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Another application of nanotechnology is utility fog, in which a cloud of networked microscopic robots (simpler than assemblers) changes its shape and properties to form macroscopic objects and tools in accordance with software commands.Rather than modify the current practices of consuming material goods in different forms, utility fog would simply replace most physical objects.

Most people believe that virtual reality will not much reduce interest in obtaining limited resources, such as a chance to talk to the real president of a major country, or owning part of the real Jerusalem, or having a famous celebrity say nice things about you in a digitally-signed document, or gaining the mining rights to the larger near-earth asteroids.Some imagine that money would cease to be of use and taxation would cease to be feasible.Others conjecture that nanotechnology would elicit a strong public-opinion backlash, as has occurred recently around genetically modified plants and the prospect of human cloning.Nanotechnology could therefore offer much cleaner manufacturing processes than are available with today's bulk technology.The first mention of nanotechnology (not yet using that name) was in a talk given by Richard Feynman in 1959, entitled .Physically, real nanotechnology relates to sizes of only a few atoms' width.

Implementing nanotechnology in its fullest sense would require the ability to directly manipulate atoms or molecules via mechanosynthesis.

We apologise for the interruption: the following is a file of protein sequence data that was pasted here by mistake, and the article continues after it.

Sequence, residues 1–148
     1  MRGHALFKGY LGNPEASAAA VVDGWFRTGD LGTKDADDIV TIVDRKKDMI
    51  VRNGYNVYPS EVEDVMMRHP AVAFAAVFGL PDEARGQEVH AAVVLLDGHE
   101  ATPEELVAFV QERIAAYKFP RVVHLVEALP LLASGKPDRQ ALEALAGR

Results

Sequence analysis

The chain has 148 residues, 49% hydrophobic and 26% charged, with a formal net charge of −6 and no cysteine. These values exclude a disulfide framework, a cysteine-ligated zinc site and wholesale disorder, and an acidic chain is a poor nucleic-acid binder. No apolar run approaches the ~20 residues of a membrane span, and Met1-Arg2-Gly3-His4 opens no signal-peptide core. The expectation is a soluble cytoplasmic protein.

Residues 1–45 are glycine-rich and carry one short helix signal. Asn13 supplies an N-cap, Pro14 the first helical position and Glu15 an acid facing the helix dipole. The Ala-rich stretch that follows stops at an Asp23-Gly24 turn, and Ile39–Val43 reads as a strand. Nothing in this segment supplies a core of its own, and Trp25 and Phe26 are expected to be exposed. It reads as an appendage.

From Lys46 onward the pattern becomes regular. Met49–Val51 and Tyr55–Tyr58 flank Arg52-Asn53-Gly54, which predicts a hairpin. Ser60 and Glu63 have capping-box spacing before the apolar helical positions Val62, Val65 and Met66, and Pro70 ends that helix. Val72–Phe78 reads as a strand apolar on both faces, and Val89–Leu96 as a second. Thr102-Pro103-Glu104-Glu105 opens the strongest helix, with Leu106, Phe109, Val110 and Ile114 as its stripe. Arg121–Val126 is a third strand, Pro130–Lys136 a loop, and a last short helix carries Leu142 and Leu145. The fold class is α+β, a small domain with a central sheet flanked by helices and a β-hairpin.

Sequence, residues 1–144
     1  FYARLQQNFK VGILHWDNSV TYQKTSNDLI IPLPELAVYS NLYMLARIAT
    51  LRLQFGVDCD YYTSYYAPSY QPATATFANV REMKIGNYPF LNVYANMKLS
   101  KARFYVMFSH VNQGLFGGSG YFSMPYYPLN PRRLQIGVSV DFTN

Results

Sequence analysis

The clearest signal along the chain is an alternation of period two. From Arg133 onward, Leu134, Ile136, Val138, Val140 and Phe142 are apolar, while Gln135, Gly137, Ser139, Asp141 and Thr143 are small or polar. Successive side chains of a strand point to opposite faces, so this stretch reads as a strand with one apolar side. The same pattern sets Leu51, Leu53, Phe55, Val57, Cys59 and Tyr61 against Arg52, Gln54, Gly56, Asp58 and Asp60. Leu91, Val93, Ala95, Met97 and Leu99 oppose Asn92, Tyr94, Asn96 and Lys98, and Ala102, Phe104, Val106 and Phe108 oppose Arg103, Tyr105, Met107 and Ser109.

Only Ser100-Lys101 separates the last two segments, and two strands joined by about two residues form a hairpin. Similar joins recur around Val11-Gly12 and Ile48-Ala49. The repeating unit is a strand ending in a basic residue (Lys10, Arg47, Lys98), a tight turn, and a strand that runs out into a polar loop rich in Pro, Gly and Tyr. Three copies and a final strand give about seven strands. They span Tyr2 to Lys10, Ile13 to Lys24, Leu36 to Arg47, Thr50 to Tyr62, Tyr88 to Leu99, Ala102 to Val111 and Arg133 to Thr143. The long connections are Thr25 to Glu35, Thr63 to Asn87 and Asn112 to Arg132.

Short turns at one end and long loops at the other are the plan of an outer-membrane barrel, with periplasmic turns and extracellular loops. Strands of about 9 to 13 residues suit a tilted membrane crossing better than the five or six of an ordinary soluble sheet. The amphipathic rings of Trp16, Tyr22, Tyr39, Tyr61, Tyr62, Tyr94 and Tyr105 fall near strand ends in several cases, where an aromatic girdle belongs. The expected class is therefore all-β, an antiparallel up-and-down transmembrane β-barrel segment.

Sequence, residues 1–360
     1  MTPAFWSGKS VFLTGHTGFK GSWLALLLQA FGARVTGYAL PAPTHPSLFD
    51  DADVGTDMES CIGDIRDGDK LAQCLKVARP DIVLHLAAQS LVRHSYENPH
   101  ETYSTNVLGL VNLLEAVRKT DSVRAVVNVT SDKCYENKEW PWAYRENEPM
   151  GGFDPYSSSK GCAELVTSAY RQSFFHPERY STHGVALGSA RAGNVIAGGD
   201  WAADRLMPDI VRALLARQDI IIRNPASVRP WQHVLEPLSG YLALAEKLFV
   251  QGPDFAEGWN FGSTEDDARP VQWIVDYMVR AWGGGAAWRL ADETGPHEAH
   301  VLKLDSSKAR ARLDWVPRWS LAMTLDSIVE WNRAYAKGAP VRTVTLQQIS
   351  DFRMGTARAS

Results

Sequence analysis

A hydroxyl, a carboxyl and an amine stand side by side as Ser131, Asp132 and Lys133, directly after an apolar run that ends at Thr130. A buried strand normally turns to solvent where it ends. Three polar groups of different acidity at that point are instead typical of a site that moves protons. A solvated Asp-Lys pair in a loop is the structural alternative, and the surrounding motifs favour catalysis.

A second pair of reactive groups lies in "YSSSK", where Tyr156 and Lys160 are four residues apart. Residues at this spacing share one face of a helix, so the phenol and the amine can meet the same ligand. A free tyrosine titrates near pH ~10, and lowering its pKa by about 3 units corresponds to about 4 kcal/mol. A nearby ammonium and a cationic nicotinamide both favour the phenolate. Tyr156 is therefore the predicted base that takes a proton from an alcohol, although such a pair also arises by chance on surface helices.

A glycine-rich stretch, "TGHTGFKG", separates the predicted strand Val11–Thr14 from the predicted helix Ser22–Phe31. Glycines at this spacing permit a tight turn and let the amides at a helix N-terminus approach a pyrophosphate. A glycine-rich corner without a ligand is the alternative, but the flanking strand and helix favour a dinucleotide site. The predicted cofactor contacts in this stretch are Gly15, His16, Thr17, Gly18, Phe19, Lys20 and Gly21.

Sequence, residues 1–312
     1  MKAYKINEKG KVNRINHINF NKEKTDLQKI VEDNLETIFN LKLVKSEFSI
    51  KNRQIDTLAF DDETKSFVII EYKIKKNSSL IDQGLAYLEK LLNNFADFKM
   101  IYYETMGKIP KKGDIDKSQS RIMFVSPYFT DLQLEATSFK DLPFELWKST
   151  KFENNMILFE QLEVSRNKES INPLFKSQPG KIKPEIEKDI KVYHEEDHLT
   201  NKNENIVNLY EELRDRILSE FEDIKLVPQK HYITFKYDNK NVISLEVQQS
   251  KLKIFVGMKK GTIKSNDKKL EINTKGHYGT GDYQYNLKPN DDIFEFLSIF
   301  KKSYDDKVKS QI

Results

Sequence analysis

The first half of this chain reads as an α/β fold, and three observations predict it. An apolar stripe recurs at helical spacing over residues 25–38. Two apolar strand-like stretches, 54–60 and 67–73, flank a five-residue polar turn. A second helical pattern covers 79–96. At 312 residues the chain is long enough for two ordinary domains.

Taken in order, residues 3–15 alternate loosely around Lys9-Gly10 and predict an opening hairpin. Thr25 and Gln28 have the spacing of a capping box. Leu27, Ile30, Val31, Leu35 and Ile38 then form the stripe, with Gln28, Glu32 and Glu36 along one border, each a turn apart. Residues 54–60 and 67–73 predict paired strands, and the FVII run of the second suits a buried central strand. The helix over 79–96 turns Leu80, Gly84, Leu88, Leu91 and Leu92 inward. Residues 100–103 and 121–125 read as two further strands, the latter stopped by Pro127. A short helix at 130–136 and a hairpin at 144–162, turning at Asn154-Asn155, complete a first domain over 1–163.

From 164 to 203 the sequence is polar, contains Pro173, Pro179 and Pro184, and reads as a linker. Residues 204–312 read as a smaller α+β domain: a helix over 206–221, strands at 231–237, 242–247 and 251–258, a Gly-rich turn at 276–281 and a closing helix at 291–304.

Whilst progress has been made in producing ever-smaller computer circuits and nanowires, and manipulating individual atoms, constructing real nanomachines is currently well beyond our present capabilities and is widely believed to be decades away.

Critics doubt that controllable self-replicating nanobots are possible at all, citing the possibility of mutations removing any control and favouring reproduction of the mutant pathogenic variations.

As a result, when we cause a particular chemical reaction, we frequently get a mix of several different product species.

The reaction is often followed by a physical filtering process to extract the species we actually wanted, with the other species discarded as waste.

Specifically, the inputs to any such manufacturing process would be raw materials, energy, design software, and time.